“I have the most instant pull of
any civil rights leader because I
can tell what grabs people”
Saal and Sharpton
a few minutes
Matt Saal (LEFT) and
Sharpton at the
Sharpton hosting PoliticsNation on MSNBC
It’s an especially busy week for Reverend Al Sharpton. In addition to juggling his responsibilities as TV host, radio host, preacher, and civil rights activist, he has also attended his mother’s funeral and led a rally in connection with the Trayvon Martin controversy, which reached national prominence in part due to Sharpton’s activism. But he’s cool and collected as he sits in his office at MSNBC, where for the last year he has hosted the nightly show PoliticsNation. And he’s philosophical about his much-publicized “transformation” from one of the most polarizing figures in New York City race relations to respected dignitary. The visual cues of change are all there: the James Brown-like hair of decades past is conservatively coiffed, the paunch is gone, and he’s wearing an elegant lime-green shirt with gold cuff links. He still advocates for social justice, but he also calls for reason and restraint.
In Sharpton’s view, however, it’s been a natural process of evolution. “Howard Beach was 25 years ago,” he says, referring to the Queens neighborhood where he led protest marches in 1986. “As the body politic has become more tolerant, your tactics change.” As to the hype about this evolution, he says, “Rather than the media saying that I’ve grown like anybody else, it’s always the remaking of Al Sharpton. I’ve been the most reborn guy in the media.”
Sharpton hits the treadmill in his Harlem home for a half hour or jogs in Central Park. Considering that 20 years ago Sharpton’s appearance—big hair, big medallions, and a big, hefty body— was as polarizing as his rhetoric, his metamorphosis into a slim, dignified, conservatively dressed figure makes a powerful statement. He insists, however, that he lost more than 100 pounds for the simplest of reasons. “I didn’t do it to go on television; I did it because I was getting older and wanted to lose the weight.” At age 57, he says, “You get more concerned about your health, more conservative in how you deal with things.”
For more than a decade, Sharpton has breakfasted two or three times a week at The Regency. “When I was a kid,” he recalls, “Percy Sutton, the Borough President of Manhattan, took me there and said, ‘This is where the power elite eats. Come here and be seen, make them uncomfortable. Always be where you can talk to people who get things done.’” His status as a regular and the guests at his table (recently they’ve included City Council Speaker Christine Quinn and head of the state Democratic Party Charlie King) are part of the abundant proof that he’s become a political force to be reckoned with.
Sharpton heads to the National Action Network to attend to his base. He considers himself first and foremost a civil rights activist, and since he founded NAN in 1991 the organization has been involved in issues such as racial profiling, equality in education, and voter ID laws. Today he’s meeting to discuss NAN’s upcoming national convention.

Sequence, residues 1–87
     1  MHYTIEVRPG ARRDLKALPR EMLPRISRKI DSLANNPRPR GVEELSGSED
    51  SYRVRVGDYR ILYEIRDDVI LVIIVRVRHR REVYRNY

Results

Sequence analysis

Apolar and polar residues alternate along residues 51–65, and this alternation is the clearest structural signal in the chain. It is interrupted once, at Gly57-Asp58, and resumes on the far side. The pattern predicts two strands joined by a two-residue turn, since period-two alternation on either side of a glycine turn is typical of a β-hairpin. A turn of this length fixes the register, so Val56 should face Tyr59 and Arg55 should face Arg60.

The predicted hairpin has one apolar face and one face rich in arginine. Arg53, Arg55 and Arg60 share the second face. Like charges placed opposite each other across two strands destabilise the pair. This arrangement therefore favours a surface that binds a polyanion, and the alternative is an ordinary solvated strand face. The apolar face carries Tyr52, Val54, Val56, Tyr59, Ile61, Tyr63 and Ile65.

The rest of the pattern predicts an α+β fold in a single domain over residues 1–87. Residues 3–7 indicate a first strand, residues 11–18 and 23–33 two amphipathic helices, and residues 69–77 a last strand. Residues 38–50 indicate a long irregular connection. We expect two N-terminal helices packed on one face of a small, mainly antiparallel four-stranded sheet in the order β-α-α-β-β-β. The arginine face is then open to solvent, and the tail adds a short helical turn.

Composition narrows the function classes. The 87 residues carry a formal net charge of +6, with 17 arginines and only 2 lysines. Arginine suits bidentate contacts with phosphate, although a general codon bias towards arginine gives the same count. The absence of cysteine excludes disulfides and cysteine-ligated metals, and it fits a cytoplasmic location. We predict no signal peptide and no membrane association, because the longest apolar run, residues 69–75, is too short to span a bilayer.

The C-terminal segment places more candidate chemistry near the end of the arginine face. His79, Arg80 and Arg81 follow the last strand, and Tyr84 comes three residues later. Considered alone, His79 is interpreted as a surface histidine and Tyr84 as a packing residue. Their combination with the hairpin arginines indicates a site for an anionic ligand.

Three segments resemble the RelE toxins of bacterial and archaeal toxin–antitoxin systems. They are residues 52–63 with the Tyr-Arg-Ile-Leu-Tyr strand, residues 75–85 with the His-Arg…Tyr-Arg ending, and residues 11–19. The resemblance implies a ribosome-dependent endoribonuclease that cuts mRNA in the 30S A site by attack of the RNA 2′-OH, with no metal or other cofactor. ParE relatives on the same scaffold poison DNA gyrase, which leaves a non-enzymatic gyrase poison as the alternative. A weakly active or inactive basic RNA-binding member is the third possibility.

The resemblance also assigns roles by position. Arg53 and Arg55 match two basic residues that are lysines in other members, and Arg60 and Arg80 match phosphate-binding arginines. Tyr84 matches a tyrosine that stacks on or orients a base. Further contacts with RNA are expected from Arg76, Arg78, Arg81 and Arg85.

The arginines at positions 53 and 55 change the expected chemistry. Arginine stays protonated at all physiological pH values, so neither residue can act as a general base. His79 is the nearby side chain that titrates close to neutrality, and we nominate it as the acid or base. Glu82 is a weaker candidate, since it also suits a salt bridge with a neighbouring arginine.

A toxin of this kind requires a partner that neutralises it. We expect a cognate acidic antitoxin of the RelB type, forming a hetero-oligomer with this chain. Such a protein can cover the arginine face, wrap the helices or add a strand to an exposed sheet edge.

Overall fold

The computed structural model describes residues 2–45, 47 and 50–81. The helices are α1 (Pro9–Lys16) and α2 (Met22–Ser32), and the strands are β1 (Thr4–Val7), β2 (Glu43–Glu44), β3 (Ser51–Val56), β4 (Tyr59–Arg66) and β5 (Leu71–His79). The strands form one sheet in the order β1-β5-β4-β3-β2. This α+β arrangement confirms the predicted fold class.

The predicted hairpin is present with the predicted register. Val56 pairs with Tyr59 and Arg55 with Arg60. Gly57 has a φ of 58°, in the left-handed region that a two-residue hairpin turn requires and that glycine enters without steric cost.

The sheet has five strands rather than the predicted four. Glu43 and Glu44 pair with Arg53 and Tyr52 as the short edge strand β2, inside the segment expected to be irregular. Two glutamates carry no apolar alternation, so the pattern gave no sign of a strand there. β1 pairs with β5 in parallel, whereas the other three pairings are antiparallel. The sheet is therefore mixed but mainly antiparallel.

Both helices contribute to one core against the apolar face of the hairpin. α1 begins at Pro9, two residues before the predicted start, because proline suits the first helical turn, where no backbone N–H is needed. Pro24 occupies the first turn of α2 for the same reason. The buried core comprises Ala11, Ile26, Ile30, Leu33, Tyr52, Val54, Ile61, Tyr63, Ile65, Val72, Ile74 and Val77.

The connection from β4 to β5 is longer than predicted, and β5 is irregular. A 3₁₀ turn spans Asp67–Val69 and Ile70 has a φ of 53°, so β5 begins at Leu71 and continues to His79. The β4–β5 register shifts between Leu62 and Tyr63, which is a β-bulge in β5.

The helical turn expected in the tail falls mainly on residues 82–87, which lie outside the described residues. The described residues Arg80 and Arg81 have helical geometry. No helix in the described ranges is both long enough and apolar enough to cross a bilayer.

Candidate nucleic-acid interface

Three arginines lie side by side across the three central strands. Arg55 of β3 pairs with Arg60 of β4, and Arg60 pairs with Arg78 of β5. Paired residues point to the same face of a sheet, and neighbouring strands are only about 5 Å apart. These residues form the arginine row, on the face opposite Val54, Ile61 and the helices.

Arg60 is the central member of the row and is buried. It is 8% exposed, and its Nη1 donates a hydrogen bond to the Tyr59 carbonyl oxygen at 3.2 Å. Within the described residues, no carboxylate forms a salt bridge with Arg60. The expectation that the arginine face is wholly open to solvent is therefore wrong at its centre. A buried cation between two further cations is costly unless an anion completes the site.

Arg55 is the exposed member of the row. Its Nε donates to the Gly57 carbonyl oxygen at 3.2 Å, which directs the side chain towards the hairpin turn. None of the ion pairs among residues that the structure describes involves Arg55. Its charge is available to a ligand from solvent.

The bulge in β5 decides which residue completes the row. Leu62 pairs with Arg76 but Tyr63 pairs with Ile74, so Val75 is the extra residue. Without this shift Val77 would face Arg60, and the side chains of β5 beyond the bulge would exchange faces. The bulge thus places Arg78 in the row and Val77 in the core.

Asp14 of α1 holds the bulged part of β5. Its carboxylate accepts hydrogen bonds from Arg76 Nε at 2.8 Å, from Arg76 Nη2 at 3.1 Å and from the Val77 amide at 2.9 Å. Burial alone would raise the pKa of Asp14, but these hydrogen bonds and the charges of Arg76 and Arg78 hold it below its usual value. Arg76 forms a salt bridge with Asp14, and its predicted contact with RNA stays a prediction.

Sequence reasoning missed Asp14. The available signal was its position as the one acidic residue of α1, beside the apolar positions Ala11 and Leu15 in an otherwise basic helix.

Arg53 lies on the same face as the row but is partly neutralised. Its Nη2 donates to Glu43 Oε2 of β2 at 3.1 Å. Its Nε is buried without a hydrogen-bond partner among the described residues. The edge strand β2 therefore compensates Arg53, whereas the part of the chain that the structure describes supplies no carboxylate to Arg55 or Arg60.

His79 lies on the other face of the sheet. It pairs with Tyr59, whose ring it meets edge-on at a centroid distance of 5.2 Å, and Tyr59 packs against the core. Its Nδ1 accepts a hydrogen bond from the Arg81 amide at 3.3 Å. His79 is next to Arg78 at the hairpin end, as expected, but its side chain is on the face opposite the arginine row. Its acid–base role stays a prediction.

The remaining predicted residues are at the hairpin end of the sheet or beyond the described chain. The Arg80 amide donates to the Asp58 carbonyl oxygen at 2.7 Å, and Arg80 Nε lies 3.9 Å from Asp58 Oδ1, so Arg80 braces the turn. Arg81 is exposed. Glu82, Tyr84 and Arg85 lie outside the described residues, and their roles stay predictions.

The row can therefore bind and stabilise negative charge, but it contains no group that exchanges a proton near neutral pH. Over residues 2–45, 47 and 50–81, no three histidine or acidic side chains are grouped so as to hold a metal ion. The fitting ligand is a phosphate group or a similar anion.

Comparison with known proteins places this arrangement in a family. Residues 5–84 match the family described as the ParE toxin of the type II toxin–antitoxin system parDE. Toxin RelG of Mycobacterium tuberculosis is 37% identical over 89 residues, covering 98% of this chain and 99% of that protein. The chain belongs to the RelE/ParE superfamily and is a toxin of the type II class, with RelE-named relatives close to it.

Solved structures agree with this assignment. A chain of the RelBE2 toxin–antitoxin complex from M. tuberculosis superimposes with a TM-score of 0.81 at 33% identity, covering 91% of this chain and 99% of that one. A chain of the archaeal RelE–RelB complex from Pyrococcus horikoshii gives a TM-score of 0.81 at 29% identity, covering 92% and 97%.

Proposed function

Sharpton and Matt Saal, the executive producer of PoliticsNation, sit at the head of a conference table at MSNBC, while their editorial team presents ideas for this evening’s episode. As a researcher explains the viewpoint of one of Sharpton’s ideological foes, the host declares, “Be. My. Guest.” The team erupts in laughter, loving his ability to whip out a one-liner on the fly. Throughout the meeting, Sharpton keeps the discussion on message, and refines that message in response to new information from his team. As the meeting winds down, Saal sketches out the structure for the episode, then assigns a producer for each segment. In seven hours, guests will be booked, scripts will be written and rewritten, and the ideas on their notepads transformed into live TV.
A burst of soul music opens Keepin’ It Real, Sharpton’s radio show, which has a daily audience of 700,000, mostly in urban markets, and a call-in format that allows him to converse directly with listeners. “I always tell people that I have the most instant pull of any civil rights leader because I can tell what grabs people,” Sharpton says. “When I was called by Trayvon Martin’s family, nobody had heard of the kid. I put his attorney on the radio, and all over the country people said, ‘That’s ridiculous!’ Then it started building. Our radio show is what helped us publicize it and get 30,000 people out to that rally.”
Dressed in a gray striped vest, blue shirt, and red tie, Sharpton hosts tonight’s episode of PoliticsNation. Much of the episode is devoted to Trayvon Martin, but it also touches on the Republican primary and the Supreme Court’s deliberations on healthcare. For all of these issues, Sharpton’s viewpoint is transparently obvious, which is what he and the show’s producers planned from the start. The approach is working: MSNBC’s ratings in the 6–7 pm time slot have doubled since Sharpton started hosting PoliticsNation last year. And Sharpton welcomes the access to a broader mainstream audience. Since the show started, he says, “I can’t tell you the number of people that have stopped me in restaurants or on the street and said, ‘I still disagree with you, but now at least I understand what I disagree with.’ And I think that’s fair.”